Loyalty is a business imperative. Over the years the concept has become known by a variety of names: loyalty, engagement, advocacy, etc. No matter the label we put on it, brands' need to cultivate a base of loyal and devoted customers is paramount to driving the long-term, sustainable success of any business.
While many of you may be charged with specific tactical responsibilities, as we move into 2011, I challenge you to look outside your proverbial box and take a more strategic look at loyalty. Over the years loyalty has become compartmentalized, often viewed primarily as a patchwork of programs and tactics that reward loyal customer behavior, especially repeat purchase. Yes, these initiatives are an important part of loyalty, but they are one aspect of a bigger picture.
In the broad sense, loyalty is not a destination, but rather a journey that is driven by a brand's business objectives. One of the biggest trends we are seeing is marketers looking at loyalty with this broader lens -- addressing loyalty from a strategic business perspective first, and then acting tactically to build deep, long-lasting customer relationships.
As you determine how best to create and implement the initiatives that will drive your overall loyalty strategy, here are 10 trends we see unfolding:
1. Loyalty will focus more on emotions than on rational, incentive-based initiatives. Behavioral economists tell us that economic decision-making is 70 percent emotional and 30 percent rational. This is why incentive-based loyalty programs that tend to be rational do not work well. It's the emotional side of the decision-making process that creates connected, passionate, engaged customers.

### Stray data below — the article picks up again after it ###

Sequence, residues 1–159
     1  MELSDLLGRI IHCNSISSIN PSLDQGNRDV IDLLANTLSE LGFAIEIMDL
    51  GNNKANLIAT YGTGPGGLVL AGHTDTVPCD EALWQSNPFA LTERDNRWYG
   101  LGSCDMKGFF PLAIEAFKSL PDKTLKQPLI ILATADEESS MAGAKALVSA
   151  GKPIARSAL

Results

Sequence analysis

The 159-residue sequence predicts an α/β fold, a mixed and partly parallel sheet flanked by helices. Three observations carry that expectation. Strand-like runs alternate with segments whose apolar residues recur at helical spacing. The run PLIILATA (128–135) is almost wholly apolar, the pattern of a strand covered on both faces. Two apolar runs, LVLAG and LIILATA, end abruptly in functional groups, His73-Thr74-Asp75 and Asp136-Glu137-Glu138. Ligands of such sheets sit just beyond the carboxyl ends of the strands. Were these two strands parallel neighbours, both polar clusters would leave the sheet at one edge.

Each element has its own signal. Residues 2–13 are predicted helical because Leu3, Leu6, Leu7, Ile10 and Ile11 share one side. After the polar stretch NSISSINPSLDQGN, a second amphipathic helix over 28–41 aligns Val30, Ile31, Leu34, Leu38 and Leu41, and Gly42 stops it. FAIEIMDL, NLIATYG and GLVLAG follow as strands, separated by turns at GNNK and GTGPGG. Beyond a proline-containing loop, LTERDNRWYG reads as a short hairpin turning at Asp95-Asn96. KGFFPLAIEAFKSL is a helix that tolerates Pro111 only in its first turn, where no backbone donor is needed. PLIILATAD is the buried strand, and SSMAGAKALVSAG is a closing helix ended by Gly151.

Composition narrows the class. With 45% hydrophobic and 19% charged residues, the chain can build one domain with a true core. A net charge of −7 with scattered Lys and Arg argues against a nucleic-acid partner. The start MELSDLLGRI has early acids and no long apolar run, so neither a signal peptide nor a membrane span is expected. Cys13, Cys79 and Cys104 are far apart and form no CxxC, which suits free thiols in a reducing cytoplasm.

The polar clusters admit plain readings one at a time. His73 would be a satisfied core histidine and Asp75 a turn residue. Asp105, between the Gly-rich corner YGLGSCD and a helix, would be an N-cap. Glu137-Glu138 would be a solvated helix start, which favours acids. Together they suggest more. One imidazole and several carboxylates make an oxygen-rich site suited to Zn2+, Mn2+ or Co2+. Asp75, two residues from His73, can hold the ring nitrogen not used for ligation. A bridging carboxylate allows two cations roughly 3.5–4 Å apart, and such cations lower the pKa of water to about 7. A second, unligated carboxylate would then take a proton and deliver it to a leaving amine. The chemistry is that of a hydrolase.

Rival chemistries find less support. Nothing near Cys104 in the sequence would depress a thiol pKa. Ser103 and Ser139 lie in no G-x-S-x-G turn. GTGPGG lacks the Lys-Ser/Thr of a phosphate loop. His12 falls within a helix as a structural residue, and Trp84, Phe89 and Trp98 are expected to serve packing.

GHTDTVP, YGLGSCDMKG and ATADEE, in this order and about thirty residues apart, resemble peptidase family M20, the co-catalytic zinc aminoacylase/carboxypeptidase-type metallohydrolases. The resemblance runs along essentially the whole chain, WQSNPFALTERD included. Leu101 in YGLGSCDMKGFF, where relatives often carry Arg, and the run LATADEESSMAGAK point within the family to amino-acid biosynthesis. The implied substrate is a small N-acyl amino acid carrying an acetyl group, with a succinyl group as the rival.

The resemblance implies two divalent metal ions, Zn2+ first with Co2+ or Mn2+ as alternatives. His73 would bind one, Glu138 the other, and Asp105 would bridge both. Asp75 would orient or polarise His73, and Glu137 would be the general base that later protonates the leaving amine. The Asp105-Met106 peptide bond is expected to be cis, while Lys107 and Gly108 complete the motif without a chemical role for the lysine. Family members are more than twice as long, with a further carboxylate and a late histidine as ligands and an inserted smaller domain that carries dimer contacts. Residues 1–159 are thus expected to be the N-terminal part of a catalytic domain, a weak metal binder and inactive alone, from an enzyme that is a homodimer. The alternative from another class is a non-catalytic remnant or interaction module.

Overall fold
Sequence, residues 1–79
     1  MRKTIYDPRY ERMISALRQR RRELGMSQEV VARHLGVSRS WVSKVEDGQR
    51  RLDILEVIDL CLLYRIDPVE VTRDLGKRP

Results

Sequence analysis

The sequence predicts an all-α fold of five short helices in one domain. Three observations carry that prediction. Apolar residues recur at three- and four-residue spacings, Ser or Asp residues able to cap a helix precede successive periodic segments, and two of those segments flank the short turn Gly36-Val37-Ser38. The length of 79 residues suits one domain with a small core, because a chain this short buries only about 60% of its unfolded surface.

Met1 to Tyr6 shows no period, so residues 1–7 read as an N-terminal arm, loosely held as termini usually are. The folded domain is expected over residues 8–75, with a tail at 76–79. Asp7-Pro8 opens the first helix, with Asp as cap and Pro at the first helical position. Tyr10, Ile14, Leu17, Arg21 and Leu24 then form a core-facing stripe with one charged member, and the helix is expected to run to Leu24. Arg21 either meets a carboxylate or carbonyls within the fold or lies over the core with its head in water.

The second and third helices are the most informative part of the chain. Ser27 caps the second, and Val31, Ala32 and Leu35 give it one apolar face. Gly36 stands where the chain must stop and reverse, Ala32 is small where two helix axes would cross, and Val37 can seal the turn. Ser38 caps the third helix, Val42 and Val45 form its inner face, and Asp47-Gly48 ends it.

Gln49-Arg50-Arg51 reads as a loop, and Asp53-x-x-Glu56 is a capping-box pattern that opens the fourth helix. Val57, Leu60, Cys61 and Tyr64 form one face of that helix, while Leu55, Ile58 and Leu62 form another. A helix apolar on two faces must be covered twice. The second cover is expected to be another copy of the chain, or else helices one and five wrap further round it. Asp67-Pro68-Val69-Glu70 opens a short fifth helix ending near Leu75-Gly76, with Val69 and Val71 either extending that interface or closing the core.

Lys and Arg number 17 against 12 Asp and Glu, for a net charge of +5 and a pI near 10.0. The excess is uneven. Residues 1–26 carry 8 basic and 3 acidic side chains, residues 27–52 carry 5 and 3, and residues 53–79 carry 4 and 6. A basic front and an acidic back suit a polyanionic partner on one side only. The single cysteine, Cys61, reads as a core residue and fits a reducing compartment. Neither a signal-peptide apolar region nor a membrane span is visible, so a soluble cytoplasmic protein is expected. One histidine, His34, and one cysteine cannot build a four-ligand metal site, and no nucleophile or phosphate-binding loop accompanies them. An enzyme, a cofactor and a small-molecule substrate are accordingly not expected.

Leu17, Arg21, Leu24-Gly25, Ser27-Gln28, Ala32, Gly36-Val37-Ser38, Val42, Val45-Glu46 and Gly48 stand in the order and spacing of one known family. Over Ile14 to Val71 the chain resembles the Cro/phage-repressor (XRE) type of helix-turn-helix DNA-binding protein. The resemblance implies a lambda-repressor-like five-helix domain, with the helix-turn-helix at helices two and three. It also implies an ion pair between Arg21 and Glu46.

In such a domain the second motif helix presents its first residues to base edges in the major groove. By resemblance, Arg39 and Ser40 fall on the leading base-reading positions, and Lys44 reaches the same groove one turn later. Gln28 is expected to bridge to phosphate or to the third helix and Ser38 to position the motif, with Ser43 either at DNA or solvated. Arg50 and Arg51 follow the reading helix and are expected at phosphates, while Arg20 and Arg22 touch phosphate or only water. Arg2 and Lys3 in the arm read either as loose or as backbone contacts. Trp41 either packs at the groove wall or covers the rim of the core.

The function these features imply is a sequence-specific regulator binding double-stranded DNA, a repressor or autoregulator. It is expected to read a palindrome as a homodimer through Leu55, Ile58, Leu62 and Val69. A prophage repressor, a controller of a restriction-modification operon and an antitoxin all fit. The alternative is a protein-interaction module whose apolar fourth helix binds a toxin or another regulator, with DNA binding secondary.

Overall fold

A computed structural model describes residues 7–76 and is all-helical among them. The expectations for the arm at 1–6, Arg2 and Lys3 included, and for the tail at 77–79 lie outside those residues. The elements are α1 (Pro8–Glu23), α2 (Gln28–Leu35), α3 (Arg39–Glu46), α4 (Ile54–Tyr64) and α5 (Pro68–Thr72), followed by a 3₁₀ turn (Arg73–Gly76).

2. The goal of customer loyalty initiatives will be to engage customers. Marketers now realize that although spend and number of transactions are important, customer engagement is the holy grail for loyalty initiatives. With engagement comes loyalty, advocacy, trust, passion -- the soft side of the customer relationships that directly impacts the bottom line.
3. Companies will increasingly look at how customer engagement and employee engagement work together to drive bottom line results. A 2009 Gallup study quantified the impact of customer and employee engagement. The research reveal that those in the upper half on customer engagement and the lower half on employee engagement, or vice versa, get a 70 percent boost in bottom-line results; those in the upper half on both customer and employee engagement get a 240 percent boost.
4. Voice of the customer programs are an important strategy for brands, and we expect to see greater focus on them in 2011. A recent IBM study with more than 1,500 CEOs from across 60 countries and 33 industries discovered that "getting closer to the customer" is a top business strategy and area of focus for CEOs over the next 5 years. In fact, 88 percent of the CEOs surveyed said this was a key area of focus, followed by 76 percent saying that "insight and intelligence" is also a key area.